During World War 2, the 7th BG’s 9th Bomb Squadron was dispatched to destroy a railroad bridge at Pyinmana, about halfway between Rangoon and Mandalay and near two active enemy fighter bases. The formation was led by Col. Conrad F. Necrason, 7th BG commander. The B-24 on his right wing was piloted by 1st Lt. Lloyd Jensen whose copilot was 2d Lt. Owen J. Baggett. On that mission, Baggett was to earn a distinction believed to be unique in Air Force history.
Before reaching Pyinmana, Burma, to destroy a bridge, the American B-24 bombers were intercepted by Japanese fighter pilots.
Baggett’s B-24 plane took heavy damage with fire taking place at the rear. When smoke and fumes consumed the whole aircraft, aircrew commander (Jensen) ordered the crew to bail out.
Bagget recalls barely jumping out and almost consumed by the smoke inside the aircraft. He remembers floating down with a good chute. He saw four more open canopies before the bomber exploded.
The Japanese planes immediately began strafing the surviving crewmen, apparently killing some of them and grazing Baggett’s arm. As the plane circle Bagget to come in to finish him off. Owen J Bagget did what you would only see from a James Bond movie.
Baggett pretended to be dead, hoping the Zero pilot would not fire again. Anyway, the pilot opened his canopy and approached within feet of Baggett’s chute, nose up and on the verge of a stall. Baggett, raised the .45 automatic concealed against his leg and fired four shots at the open cockpit. The Zero stalled and spun in.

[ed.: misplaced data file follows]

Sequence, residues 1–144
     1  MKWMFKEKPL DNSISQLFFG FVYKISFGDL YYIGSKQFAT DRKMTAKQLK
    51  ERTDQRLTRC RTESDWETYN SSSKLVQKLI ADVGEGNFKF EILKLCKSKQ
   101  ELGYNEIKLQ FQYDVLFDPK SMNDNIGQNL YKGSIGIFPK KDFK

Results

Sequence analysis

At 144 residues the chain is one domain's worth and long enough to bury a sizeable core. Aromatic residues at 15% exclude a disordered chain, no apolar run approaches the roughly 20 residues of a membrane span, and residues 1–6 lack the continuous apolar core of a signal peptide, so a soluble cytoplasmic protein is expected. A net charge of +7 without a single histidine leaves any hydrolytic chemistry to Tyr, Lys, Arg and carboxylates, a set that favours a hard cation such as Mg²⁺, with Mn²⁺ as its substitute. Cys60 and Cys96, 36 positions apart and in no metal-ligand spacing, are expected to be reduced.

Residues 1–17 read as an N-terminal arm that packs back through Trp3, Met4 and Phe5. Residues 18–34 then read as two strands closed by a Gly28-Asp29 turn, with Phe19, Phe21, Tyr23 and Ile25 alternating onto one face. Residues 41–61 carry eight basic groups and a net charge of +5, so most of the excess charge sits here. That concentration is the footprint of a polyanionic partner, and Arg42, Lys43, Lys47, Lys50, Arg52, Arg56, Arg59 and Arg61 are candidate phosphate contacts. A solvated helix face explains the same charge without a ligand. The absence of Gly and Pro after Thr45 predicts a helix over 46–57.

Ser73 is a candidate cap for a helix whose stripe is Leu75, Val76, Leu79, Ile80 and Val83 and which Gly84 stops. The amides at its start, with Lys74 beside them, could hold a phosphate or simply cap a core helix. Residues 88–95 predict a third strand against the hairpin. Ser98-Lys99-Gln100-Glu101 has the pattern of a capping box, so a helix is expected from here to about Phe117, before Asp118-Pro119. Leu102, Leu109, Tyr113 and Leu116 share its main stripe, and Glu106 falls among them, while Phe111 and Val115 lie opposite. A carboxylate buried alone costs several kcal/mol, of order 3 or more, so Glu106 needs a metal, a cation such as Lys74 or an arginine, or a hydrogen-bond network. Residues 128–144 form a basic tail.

It must take some sharp shooting and nerves of unbending steel to keep straight aim in the face of certain death, but seems he managed to shoot and kill the enemy fighter pilot with none other than a .45 caliber M1911 pistol. Whether a testament to sharp shooting under pressure or the efficacy of the gun, who knows.
Owen fell to the earth, wounded but alive, he and 2 other crewmen were captured as POW’s, later freed at the end of the war.
While in captive he met Col. Harry Melton, commander of the 311th Fighter Group who had been shot down, passed through the POW camp and told Baggett that a Japanese colonel said the pilot Owen Baggett had fired at had been thrown clear of his plane when it crashed and burned. He was found dead of a single bullet in his head. Colonel Melton intended to make an official report of the incident but lost his life when the ship on which he was being taken to Japan was sunk. Unfortunately, there were no official evidence to support Baggett’s account.
He lived to 85 years old, having reached the rank of Colonel and continued as a defense contractor, and died in 2006. His tombstone tells of his being a POW, a hero, and a father– But sadly, it doesn’t cover his badass airborne feat: being the only person to down a Japanese fighter plane with a pistol.
Whether it was true or not, its still a great story for our M1911 legacy.
by Sam Morstan
Source: Owen J Baggett Wikipedia, AFMag.com and Controversial Times